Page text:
1. What depth of vacuum to do you need?
    1. If you only need a vacuum pump for filtration or aspiration applications, modest vacuum levels are all you need to induce a pressure differential or suction force. Evaporative work in boiling off materials may require deeper vacuum levels perhaps even down to the 1-5 torr range. Freeze drying samples requires even deeper levels of vacuum.
  2. How much flow do you need?
    1. Once you’ve identified your required vacuum depth, you then need to decide what kind of flow you need or really how fast you want your application to run. Are you running a single filtration process or many at one time? Are you evaporating off milliliters or gallons of product? Answers to these questions and ultimately how fast you want these applications completed will narrow down the field of pumps that suit your needs.
  3. What kind of chemicals are you working with?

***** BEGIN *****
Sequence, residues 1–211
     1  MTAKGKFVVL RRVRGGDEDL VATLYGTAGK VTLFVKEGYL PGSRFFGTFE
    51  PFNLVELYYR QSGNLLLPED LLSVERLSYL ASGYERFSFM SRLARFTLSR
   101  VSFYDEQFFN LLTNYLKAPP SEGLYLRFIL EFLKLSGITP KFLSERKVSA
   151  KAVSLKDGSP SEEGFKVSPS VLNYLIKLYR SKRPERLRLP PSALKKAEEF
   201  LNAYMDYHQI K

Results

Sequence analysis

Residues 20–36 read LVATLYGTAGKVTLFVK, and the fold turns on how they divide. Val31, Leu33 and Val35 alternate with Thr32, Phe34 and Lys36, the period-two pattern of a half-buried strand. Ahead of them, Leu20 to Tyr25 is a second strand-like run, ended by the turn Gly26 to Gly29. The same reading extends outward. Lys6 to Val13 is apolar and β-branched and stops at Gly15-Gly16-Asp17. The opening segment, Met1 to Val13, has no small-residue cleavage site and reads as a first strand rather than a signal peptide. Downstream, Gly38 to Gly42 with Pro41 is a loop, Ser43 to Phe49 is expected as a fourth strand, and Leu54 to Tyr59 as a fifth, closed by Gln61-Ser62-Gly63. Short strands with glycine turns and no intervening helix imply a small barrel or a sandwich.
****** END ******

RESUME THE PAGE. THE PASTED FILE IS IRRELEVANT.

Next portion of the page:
1. If you are working with harsh or corrosive chemicals, a chemistry-rated pump may be in order to ensure the vacuum pump does not prematurely breakdown from exposure to such reagents. Specialized wetted path materials can allow for pumps to hold up more longer than similarly designed standard duty pumps. If you are working with less aggressive materials, a standard duty pump should hold up just fine.
  4. Do you need advanced controls?
    1. If you are running simple benchtop experiments that require little control like filtration of media, then a basic on/off pump should be all that’s required. If your research demands tight parameter controls, standardization, and data logging, a more sophisticated vacuum system may be in order.
  5. Do you need just a vacuum pump or integrated condensers, filters, or other glassware?
    1. Sometimes all you need is a pump hooked up directly to your experiment’s apparatus (think Buchner funnel and sidearm flask). Other times, you may need to reclaim solvent or protect the pump from high vapor loads. In the case of the latter, consider vacuum pumps with integrated condensers and catchpots to optimize the overall vacuum performance and experiment results.


Answers to these five questions above can help narrow down the vast field of lab vacuum pumps available to scientists and help ensure you have the right pump for the job. Use our selection guide